Iran: Annual report on the death penalty 2017

IRAN HUMAN RIGHTS (MARCH 13, 2018): The 10th annual report on the death penalty in Iran by Iran Human Rights (IHR) and ECPM shows that in 2017 at least 517 people were executed in the Islamic Republic of Iran. 
This number is comparable with the execution figures in 2016 and confirms the relative reduction in the use of the death penalty compared to the period between 2010 and 2015. 
Nevertheless, with an average of more than one execution every day and more than one execution per one million inhabitants in 2017, Iran remained the country with the highest number of executions per capita.
2017 Annual Report at a Glance:
At least 517 people were executed in 2017, an average of more than one execution per day111 executions (21%) were announced by official sources.Approximately 79% of all executions included in the 2017 report, i.e. 406 executions, were not announced by the authorities.At least 240 people (46% of all executions) were executed for murder charges - 98 more than in 2016.At le…

House committee moves Utah one step closer to abolishing the death penalty

A House committee on Tuesday moved Utah one step closer to abolishing the death penalty, despite the pleas from the families of victims whose killers sit on the state's death row.

SB189 passed on a 6-5 vote and will move to the full House for consideration with just two days left in the 2016 legislative session.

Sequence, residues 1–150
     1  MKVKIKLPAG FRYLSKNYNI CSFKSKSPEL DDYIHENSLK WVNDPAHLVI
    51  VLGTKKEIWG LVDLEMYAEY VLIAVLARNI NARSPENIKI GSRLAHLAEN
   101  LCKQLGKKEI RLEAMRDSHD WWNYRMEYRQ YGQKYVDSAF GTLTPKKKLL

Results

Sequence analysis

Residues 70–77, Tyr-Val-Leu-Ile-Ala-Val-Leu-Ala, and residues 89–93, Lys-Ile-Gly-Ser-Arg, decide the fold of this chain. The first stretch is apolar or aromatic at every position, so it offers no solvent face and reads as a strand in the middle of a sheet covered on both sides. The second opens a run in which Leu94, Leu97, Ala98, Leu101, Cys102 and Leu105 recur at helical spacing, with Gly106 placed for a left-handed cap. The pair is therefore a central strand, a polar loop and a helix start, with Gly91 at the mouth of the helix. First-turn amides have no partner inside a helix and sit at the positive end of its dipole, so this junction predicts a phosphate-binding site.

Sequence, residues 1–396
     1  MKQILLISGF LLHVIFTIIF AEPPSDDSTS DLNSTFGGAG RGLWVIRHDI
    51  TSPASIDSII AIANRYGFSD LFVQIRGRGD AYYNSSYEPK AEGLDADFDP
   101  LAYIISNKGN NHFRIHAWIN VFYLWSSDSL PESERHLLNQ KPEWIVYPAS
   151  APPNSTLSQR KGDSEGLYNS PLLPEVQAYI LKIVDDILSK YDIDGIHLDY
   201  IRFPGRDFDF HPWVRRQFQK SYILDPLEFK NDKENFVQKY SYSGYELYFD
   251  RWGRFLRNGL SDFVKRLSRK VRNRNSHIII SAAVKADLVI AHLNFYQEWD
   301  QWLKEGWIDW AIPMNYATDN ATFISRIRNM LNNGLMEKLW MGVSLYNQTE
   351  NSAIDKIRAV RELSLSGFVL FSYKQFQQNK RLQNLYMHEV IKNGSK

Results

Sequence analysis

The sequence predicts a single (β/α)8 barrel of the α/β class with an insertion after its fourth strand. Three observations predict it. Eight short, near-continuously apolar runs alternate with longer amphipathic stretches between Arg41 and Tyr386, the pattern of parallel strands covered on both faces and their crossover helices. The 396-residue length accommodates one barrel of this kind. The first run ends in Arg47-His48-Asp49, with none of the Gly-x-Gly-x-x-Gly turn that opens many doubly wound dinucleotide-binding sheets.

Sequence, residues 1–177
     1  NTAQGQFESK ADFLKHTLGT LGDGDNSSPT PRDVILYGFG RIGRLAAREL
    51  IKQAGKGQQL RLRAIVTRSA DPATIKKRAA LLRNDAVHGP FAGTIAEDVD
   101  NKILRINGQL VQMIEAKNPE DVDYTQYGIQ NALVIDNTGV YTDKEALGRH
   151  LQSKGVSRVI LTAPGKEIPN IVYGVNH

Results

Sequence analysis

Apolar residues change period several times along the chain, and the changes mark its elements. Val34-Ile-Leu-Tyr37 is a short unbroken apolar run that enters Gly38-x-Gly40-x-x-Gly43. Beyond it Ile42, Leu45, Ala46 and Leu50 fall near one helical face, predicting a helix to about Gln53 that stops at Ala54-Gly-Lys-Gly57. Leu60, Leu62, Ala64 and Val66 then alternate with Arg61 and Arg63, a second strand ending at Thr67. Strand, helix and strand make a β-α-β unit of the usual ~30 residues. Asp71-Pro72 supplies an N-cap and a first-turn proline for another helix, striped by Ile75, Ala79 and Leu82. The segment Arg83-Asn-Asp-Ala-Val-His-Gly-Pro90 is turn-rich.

B189 would eliminate the death penalty as a punishment for first-degree felony murder, effective May 10, and leave life in prison without the possibility of parole, or 25 years to life as the remaining punishments. The bill would not affect the prosecution of any capital case already underway, nor stop Utah from carrying out the executions of the nine men currently on the state's death row.

Bill sponsor, Sen. Steve Urquhart, R-St. George, told the committee he sees three main reasons that Utah should no longer use the death penalty: The costs of appeals; the decades between conviction and execution, which causes suffering for the family of victims and the imperfection of governments, which have sometimes executed innocent persons.

"Theoretically, the death penalty, it probably makes some sense," said Urquhart, who previously favored capital punishment. "But in reality, in Utah, the death penalty makes absolutely no sense."

On average, it takes nearly 25 years for those on Utah's death row to be executed following conviction and a 2012 study found that costs the state roughly $1.6 million per inmate, which far exceeds the amount spent on inmates sentenced to life in prison without the possibility of parole, he said.

National statistics suggest that roughly 4 percent of all death row inmates were wrongly convicted.

Urquhart said he understood that the families of victims are divided on their support of capital punishment.

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Source: The Salt Lake Tribune, Jennifer Dobner, March 8, 2016

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